In 1967, Claes Oldenburg made a very funny collage in a notebook he kept of sculptural ideas. It showed a monumen tal work he wished to add to the facade of the Chicago Stock Exchange. Oldenburg cut out an ordinary magazine advertisement for a woman's panty girdle and pasted it to a rudimentary drawing of the building. The girdle, in its disarmingly new context, suddenly took on the formal cast of a triumphal arch, which led into a latter-day temple of high finance. The stabilizing keystone of the arch was made from a tummy-control panel, decorated with frilly lace rather than the Roman acanthus leaves one might expect.
The wickedly wry prospect of entering a rough-and-tumble bastion of uptight, traditionally masculine, mercantile Middle America through a gigantic image of the elastically bound legs of a woman would probably send Freud whirling in his grave. That, too, is typical of the most riveting of Oldenburg's multivalent art.
The collage drawing for the monumental girdle portal is included in the must-see retrospective of Oldenburg's compelling career that is currently at the Museum of Contemporary Art.
At MOCA, that work hangs next to another small collage from his notebook, this one made two years later, in which a building in the form of a pair of binoculars is envisioned. The collage uses half a dozen pictures of binoculars of various shapes and sizes, apparently clipped from newspaper ads or a catalogue, pictures that have been pasted on the sheet with the cylindrical viewing tubes facing down. Standing on two "legs" planted firmly in place, the pair of binoculars looks strangely human.
Another picture of a girdle, this one cut out in the shape of binoculars, is also pasted onto the same notebook sheet. The binoculars, rather like the girdle, seem a mutant cross between a classical architectural form and a chunky human figure. And all the while, they never lose their original identity as commonplace manufactured objects.
Oldenburg's collages, drawings and models for large-scale public monuments form an important and engaging subset within the retrospective exhibition. They also show how ideas from early in the artist's career can percolate, literally for decades, before emerging into actual sculptural form.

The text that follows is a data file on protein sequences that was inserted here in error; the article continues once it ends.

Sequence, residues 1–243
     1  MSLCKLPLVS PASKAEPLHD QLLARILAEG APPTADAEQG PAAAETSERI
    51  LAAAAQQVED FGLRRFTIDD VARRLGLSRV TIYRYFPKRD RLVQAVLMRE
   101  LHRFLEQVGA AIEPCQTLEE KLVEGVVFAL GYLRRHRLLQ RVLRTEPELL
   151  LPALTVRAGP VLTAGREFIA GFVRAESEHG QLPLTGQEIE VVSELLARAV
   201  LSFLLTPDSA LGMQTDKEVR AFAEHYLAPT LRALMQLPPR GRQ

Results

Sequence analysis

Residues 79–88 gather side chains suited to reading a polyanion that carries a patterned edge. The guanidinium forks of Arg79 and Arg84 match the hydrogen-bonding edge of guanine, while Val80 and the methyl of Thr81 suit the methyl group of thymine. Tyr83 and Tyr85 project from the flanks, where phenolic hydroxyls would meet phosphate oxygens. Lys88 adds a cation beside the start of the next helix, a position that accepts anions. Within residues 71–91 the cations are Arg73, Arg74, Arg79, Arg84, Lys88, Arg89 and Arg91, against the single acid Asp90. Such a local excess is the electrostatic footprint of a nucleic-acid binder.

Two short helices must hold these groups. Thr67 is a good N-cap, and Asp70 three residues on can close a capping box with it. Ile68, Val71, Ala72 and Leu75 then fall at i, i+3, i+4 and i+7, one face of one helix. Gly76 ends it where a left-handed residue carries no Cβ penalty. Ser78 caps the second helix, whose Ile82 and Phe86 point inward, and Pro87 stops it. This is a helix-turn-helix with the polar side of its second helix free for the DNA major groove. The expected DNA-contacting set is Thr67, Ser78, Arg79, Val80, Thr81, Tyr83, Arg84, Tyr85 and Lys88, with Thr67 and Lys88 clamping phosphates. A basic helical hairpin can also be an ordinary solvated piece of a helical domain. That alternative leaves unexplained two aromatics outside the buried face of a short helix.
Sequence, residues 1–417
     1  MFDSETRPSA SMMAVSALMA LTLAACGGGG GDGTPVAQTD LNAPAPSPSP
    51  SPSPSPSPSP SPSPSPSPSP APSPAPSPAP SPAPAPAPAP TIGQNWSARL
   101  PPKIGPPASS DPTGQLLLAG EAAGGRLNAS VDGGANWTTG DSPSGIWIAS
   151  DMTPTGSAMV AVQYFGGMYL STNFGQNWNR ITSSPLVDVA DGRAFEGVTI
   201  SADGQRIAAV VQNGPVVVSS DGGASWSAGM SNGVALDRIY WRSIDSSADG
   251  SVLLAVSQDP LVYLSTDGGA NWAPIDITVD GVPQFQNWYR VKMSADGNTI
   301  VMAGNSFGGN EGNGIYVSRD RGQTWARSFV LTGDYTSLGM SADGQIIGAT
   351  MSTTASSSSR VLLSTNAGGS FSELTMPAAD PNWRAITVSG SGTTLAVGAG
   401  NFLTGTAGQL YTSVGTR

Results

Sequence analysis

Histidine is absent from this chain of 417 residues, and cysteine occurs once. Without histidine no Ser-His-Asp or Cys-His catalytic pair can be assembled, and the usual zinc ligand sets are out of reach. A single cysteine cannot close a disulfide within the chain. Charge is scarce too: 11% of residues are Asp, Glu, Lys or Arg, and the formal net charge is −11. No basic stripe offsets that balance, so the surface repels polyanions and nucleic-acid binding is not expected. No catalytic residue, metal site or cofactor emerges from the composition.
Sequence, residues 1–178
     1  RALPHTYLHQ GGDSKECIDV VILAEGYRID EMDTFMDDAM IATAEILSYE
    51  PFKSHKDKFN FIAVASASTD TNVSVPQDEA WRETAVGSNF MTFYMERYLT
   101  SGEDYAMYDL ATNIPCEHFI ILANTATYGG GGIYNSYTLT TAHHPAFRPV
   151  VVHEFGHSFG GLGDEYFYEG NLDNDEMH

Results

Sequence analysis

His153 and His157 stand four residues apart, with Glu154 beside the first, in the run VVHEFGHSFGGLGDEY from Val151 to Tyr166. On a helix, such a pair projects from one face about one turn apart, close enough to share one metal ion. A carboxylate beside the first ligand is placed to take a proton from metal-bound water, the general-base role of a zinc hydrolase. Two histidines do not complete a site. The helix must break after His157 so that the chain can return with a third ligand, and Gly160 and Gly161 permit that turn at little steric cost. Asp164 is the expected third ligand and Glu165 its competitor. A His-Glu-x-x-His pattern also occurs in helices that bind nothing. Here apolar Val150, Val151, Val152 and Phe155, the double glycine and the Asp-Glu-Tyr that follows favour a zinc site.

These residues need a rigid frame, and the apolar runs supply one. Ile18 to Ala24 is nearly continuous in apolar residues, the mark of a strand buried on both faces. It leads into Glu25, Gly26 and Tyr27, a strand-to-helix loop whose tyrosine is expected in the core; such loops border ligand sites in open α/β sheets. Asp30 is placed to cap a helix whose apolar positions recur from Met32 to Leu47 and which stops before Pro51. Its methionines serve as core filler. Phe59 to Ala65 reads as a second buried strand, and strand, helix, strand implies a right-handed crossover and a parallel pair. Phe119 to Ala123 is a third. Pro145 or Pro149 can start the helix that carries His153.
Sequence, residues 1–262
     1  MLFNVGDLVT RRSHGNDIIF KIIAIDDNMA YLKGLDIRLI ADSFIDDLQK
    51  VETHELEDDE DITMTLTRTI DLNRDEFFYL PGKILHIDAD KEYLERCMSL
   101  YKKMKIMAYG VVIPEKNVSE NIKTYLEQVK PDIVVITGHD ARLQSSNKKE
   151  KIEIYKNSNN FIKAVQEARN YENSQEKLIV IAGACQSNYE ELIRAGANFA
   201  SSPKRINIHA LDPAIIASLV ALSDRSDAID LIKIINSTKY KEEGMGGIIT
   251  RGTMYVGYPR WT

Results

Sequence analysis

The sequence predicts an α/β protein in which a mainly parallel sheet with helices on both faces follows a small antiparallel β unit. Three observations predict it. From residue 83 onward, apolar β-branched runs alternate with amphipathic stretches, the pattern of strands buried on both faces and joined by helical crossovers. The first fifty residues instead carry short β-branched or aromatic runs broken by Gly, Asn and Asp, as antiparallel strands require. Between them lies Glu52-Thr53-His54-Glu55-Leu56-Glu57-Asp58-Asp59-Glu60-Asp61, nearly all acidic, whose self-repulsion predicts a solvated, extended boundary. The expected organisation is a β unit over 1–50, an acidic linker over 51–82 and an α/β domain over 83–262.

The 1967 and 1969 notebook collages, for example, step forward as revealing precedents for what became, in 1991, the giant concrete "Binoculars" that mark the facade of the Chiat/Day building at 340 Main St., Venice. Painted a dull black, the four-story sculpture forms a witty and imposing entry portal to the parking garage beneath the building, which was designed by celebrated architect Frank O. Gehry.
The greatest competition for Oldenburg's monumental sculptures has always been his own remarkable drawings for them. His earliest date from 1965, most memorably a crayon image of a fat, fuzzy teddy bear looming over the grassy fields of New York's Central Park. Others followed through the years, including an ambitious plan to replace the Statue of Liberty with a humongous electrical fan, which would blow away the smog from Manhattan Island.
Always, the common objects he chose to monumentalize were specific to the site. A teddy bear was perfect for a rambling urban park whose famous design of leafy grottoes was a tamed image of the rugged American wilderness. And a fan aimed at blowing away the city's air pollution would surely be of practical help to the huddled masses, ever yearning to breathe free.
It wasn't until the 1970s that Oldenburg's stature as an artist became substantial enough to begin winning him commissions, both in Europe and the United States, so that his notebook dreamings could begin to be realized. Replacing Lady Liberty or taking up acres of precious urban green space was never very likely, no matter how big the artist's reputation. But Oldenburg has managed to turn a host of common household objects into colossal outdoor sculptures, for a variety of parks, office buildings and city streets.
Through sheer size and dramatic visibility, Oldenburg's monuments enshrine the mundane stuff that surrounds modern daily life. The list of consecrated objects includes an enormous standing clothespin for Philadelphia; a gigantic columnar baseball bat for Chicago; a big black flashlight for Las Vegas; a long, snaking garden hose for Freiburg, Germany; a huge open book of matches for Barcelona; a silver spoon scooping up a red cherry for Minneapolis; an inverted shirt collar and necktie for Frankfurt, Germany, and a smashed bowl of fruit for Miami.
Altogether, he has completed about two-dozen public sculptures, many with the collaboration of his second wife, Dutch art historian Coosje van Bruggen. You could say that, sculpturally speaking, these manufactured objects are to the industrialized world what mythological gods and goddesses or Christian saints are to the classical or theocratic eras that came before. Attributes identifying common characteristics of modern men and women, they have been given positions of prominence in the public world.